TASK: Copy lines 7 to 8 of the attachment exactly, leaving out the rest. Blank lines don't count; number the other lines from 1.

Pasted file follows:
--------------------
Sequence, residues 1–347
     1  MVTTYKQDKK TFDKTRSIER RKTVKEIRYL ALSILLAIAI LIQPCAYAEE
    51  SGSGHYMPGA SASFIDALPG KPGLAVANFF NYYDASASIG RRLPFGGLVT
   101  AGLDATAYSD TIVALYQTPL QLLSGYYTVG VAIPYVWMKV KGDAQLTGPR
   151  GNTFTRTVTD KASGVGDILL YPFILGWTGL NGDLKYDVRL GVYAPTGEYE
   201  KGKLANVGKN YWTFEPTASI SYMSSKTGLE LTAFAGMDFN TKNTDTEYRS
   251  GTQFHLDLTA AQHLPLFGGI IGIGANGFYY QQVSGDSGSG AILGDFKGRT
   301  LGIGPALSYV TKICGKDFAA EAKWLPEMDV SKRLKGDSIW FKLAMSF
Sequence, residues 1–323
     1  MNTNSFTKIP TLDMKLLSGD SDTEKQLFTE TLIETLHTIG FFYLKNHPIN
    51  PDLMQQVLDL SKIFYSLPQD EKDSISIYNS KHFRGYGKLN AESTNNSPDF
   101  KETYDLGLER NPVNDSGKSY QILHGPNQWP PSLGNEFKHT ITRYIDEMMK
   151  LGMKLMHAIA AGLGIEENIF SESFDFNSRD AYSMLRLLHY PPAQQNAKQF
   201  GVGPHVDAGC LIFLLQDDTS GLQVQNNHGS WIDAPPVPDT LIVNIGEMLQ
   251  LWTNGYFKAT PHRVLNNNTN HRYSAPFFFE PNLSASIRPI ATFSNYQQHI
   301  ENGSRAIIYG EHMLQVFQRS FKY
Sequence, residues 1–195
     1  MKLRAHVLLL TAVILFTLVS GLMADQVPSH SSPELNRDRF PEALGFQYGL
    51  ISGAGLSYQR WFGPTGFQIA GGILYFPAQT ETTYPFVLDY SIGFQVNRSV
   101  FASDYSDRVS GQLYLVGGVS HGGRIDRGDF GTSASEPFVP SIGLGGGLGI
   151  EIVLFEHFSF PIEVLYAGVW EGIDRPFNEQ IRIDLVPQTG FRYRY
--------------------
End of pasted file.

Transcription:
   251  GTQFHLDLTA AQHLPLFGGI IGIGANGFYY QQVSGDSGSG AILGDFKGRT
   301  LGIGPALSYV TKICGKDFAA EAKWLPEMDV SKRLKGDSIW FKLAMSF